Genetic Disorders Plague Our Favorite Purebred Pups - And It's Our Fault

Dogs were the first animals to be domesticated by human beings and over the last few thousand years, they have evolved from creatures similar to modern wild wolves to a wide range of different breeds that exist today. While all of these purebreds are adorable - French Bulldogs with their mushed faces, Dalmatians with their signature coats - their overall health is on the decline.

The main issue is that breeders generally select certain dams and sires for breeding in order to produce certain traits in litters, and they have a small gene pool to work with. As they want to have puppies that look and behave in certain ways, they often resort to inbreeding the animals, which can lead to serious health issues down the line. This selective breeding leads to purebred dog genetic disorders that leads them susceptible to all kinds of issues.

If you are thinking of getting a purebred doggo, you might want to think twice. Pet health issues are emotionally and financially draining, and these purebreds suffer the most. 

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  • Congenital Deafness Is A Huge Problem For White Haired Dogs

    Although there are many different causes for deafness in dogs, a major problem is congenital deafness that is the result of faulty genes. Remarkably, it is an issue that seems to affect breeds with white hair or fur the most. Dalmatians are the most affected with an estimated 29.9% of them being born deaf in one or both ears. The problem is so severe that some dogs become completely deaf just a few years after being born.

  • Brachycephalic Airway Obstruction Syndrome (BAOS) is a condition that mainly affects Pekingese dogs but also other breeds with those flat, adorable faces. The problem occurs as selective breeding has led to the faces of these dogs being made shorter and flatter. However, the internal biological systems, such as the throat, are not altered. This leads to the respiratory system being put under huge pressure as the throat and windpipe are squashed. Dogs suffering from BAOS cannot exercise very much and often overheat due difficulty in breathing.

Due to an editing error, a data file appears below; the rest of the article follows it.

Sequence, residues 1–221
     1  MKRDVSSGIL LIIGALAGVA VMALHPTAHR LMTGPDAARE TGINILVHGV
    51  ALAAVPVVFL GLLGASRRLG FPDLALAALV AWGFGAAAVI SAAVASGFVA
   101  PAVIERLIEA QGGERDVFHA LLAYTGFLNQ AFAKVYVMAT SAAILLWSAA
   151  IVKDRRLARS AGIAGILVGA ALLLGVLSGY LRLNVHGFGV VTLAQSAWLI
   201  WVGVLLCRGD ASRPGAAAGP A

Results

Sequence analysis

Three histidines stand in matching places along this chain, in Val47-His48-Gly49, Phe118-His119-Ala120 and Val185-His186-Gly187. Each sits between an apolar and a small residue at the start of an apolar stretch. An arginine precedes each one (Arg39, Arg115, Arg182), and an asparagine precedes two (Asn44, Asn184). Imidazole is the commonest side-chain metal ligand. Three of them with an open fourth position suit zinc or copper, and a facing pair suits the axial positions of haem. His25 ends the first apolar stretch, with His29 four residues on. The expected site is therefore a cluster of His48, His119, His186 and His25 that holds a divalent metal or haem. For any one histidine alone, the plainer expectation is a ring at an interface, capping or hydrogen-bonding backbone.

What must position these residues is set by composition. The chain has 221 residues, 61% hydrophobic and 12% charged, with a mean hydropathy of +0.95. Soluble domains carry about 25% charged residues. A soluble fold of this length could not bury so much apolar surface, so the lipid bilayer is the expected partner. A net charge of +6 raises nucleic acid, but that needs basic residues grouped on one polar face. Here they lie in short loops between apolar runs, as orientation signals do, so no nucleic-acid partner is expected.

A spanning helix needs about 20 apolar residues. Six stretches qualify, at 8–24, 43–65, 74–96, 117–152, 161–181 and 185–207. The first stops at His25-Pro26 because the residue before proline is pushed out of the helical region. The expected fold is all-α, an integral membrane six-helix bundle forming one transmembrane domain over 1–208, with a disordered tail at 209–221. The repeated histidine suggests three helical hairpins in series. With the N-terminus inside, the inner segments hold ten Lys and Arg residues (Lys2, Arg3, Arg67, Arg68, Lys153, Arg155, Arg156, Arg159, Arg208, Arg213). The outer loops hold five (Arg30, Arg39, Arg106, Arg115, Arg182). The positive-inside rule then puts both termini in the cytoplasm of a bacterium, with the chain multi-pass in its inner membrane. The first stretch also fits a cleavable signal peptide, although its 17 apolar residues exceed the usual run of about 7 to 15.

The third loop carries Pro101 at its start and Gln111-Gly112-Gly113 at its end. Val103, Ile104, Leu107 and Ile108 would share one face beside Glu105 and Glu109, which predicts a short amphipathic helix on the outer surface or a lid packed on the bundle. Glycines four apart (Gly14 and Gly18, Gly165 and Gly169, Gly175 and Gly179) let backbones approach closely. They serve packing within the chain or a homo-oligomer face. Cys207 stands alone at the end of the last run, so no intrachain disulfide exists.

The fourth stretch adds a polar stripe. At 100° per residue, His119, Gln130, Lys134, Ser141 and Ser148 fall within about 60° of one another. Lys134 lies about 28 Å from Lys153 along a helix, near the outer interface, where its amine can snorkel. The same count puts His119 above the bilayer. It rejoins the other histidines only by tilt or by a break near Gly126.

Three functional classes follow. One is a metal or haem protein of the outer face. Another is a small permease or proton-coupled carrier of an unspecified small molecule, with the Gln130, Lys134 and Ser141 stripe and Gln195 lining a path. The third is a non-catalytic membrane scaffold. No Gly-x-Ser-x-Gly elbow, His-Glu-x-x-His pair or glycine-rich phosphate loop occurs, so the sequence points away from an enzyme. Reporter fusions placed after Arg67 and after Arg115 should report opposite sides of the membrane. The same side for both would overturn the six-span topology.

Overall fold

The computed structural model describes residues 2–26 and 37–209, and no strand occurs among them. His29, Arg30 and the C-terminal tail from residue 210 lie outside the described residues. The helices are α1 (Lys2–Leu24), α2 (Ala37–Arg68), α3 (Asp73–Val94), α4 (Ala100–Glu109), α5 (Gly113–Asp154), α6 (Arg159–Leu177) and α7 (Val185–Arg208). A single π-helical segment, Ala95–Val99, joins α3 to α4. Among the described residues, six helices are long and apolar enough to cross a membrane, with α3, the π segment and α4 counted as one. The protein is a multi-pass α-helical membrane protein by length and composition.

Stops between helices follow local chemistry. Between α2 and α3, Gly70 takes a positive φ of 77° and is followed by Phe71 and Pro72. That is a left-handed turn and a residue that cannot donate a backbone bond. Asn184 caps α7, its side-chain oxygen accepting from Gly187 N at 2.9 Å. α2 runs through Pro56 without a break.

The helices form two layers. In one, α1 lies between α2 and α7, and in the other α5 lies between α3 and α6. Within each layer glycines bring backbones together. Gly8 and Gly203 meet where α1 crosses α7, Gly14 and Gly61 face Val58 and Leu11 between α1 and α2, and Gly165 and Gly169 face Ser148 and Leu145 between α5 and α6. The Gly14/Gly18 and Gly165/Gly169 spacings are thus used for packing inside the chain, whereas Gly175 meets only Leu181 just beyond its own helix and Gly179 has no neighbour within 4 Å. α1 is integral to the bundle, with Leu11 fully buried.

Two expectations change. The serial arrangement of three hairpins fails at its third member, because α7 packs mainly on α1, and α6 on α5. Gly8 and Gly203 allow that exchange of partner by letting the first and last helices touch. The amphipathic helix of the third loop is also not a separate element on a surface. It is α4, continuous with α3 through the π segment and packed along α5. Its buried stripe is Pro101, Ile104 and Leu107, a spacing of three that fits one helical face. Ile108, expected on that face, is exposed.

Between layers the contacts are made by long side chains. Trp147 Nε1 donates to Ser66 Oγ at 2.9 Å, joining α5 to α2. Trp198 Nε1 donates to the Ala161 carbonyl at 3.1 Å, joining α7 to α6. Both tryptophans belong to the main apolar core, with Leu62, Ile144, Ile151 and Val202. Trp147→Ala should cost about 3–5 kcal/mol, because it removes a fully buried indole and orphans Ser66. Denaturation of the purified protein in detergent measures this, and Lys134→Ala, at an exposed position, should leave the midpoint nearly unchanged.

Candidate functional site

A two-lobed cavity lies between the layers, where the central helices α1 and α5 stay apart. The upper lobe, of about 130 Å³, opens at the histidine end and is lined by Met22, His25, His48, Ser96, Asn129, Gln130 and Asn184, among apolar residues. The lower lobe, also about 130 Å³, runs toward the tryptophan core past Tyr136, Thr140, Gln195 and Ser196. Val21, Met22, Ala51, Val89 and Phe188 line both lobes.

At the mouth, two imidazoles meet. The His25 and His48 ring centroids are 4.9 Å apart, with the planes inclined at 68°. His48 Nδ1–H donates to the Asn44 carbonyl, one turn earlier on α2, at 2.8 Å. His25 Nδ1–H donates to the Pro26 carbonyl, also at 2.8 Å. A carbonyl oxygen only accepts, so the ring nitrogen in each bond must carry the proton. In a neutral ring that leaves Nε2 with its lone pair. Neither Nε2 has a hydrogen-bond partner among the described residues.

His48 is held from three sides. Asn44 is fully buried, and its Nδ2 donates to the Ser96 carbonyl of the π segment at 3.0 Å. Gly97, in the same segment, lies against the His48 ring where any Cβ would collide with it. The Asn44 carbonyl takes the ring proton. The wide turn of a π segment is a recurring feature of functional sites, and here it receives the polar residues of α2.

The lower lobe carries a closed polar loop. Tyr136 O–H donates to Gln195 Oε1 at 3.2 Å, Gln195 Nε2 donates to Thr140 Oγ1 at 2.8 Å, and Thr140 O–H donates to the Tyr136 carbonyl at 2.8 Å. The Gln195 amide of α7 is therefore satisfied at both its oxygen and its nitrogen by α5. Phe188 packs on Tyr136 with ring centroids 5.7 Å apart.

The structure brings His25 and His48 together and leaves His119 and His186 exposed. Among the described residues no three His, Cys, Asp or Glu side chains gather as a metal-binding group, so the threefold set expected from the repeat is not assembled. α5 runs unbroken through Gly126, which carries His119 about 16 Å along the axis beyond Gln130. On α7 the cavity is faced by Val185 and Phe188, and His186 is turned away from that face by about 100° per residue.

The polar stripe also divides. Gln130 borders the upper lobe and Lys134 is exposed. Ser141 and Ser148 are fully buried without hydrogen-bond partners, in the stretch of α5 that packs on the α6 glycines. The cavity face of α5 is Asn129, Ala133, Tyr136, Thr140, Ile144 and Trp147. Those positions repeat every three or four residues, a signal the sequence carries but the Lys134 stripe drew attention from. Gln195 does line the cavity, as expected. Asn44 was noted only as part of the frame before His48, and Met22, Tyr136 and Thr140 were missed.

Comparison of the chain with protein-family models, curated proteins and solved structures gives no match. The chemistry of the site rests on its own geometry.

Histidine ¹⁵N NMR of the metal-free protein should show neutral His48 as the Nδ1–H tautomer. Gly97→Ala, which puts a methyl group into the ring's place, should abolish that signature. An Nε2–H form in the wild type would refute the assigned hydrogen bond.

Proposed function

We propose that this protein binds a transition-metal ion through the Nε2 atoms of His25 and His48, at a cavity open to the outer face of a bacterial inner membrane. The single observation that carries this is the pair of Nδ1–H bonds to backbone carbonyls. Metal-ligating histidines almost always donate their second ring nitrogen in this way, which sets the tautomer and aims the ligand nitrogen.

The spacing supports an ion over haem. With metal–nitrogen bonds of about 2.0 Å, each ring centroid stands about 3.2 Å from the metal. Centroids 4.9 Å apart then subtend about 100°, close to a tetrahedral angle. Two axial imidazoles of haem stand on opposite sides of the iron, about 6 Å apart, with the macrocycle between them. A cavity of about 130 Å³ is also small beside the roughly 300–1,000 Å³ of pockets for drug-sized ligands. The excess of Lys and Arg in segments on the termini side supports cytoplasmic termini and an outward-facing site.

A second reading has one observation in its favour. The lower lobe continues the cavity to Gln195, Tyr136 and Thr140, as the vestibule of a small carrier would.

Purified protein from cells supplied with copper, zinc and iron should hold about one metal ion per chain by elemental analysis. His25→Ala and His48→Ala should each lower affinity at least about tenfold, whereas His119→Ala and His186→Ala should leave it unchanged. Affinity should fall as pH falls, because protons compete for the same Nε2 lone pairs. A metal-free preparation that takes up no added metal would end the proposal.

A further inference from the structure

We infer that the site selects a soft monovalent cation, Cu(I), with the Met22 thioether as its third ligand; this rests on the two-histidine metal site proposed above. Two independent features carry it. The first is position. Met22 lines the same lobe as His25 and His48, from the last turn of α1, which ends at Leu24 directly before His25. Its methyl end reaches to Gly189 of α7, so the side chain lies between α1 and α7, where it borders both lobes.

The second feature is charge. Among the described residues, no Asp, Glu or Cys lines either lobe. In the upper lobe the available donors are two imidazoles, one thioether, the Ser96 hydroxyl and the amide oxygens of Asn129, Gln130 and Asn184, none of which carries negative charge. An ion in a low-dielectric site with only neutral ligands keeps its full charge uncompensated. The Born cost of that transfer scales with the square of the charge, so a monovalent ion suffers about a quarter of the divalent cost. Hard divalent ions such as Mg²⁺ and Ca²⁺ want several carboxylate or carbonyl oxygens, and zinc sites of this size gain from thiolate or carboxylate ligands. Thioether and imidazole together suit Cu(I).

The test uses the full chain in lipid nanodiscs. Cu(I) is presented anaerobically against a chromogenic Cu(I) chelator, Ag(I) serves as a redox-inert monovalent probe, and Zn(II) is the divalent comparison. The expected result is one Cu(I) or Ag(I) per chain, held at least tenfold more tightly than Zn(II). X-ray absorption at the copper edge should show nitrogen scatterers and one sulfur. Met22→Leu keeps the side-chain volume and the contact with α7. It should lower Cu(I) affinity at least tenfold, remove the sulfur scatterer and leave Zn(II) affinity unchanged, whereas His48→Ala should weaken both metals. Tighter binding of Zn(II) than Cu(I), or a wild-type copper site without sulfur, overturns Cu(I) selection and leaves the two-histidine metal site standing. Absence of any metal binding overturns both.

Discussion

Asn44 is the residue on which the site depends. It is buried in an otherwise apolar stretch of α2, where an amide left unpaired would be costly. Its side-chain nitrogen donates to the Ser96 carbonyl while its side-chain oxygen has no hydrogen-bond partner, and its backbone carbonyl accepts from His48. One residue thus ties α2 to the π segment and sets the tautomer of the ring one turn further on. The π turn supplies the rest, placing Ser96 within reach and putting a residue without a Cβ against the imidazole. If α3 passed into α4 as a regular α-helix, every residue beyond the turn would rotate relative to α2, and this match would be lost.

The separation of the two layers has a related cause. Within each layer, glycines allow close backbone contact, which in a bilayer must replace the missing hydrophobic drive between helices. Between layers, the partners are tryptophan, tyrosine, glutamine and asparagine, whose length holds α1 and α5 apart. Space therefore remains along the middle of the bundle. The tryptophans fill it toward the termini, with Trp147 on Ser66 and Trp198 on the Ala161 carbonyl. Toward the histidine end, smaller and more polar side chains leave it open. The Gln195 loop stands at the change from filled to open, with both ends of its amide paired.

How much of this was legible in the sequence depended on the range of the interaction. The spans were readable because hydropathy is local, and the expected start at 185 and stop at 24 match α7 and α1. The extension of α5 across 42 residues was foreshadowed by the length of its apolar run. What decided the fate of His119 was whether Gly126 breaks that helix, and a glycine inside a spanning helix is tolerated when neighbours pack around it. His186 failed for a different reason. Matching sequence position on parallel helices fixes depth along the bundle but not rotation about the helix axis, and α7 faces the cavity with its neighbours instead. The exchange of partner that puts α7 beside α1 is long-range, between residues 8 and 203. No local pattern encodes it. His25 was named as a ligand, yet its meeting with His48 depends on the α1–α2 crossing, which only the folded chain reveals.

• Bulldogs Are Too Large To Be Born Naturally
    Photo: Aobranc / Wikimedia Commons / CC-BY-SA 3.0

    The large size of a Bulldog's head, which has been selectively bred for its pleasing appearance, has led to a problem that is unique to the breed. Mothers have tremendous difficulty giving birth, as the puppies are simply too large to pass through the birth canal. This means that a natural birth is often not possible with Bulldogs. Instead, vets have to perform cesarean sections in order to ensure the safety of both the puppies and the mother, otherwise both could be killed during birth.

  • 60% Of Golden Retrievers Are Predicted To Get Cancer
    Photo: Camilo Arango / Wikimedia Commons / CC-BY-SA 3.0

    The average lifespan of the golden retriever has lowered significantly over the past half a century, almost half of what it used to be. The main cause of this reduced average age is that selective breeding has led to a range of genetic mutations that is causing a host of different cancers. Some 60% of lovable Golden Retrievers will get cancer during their lifetime. They are likely to suffer from bone cancer, lymphoma, and others that will usually be painful.

  • Syringomyelia Causes Immense Neck And Back Pain For Spaniels

    Syringomyelia Causes Immense Neck And Back Pain For Spaniels
    Photo: Kbwatts / Wikimedia Commons / CC-BY-SA 4.0

    One genetic condition that seems to be particularly problematic for the Cavalier King Charles Spaniel is Syringomyelia. It essentially involves cavities forming in the spinal cord that become filled with fluid. It can occur in any type of animal but has become prevalent with this breed of dog due to the fact that they have been bred to have very small heads. This disparity in size between the brain and the skull puts the spinal cord under pressure and causes malformations. Syringomyelia can cause severe neck and head pain, putting the dog at risk of lifelong agony if not successfully treated.

  • German Shepherds have been bred to have a sloped back for cosmetic reasons. Unfortunately, this look is anything but healthy for the breed. Sloping backs cause the German Shepherds' hips and knees to be closer to the ground, causing a shuffle sort of walk. This repeated motion can lead to severe walking issues down the line. Some of the ailments that a German Shepard's sloping back can cause are severe lower back pain, hip dysplasia, spinal problems, and the complete inability to walk.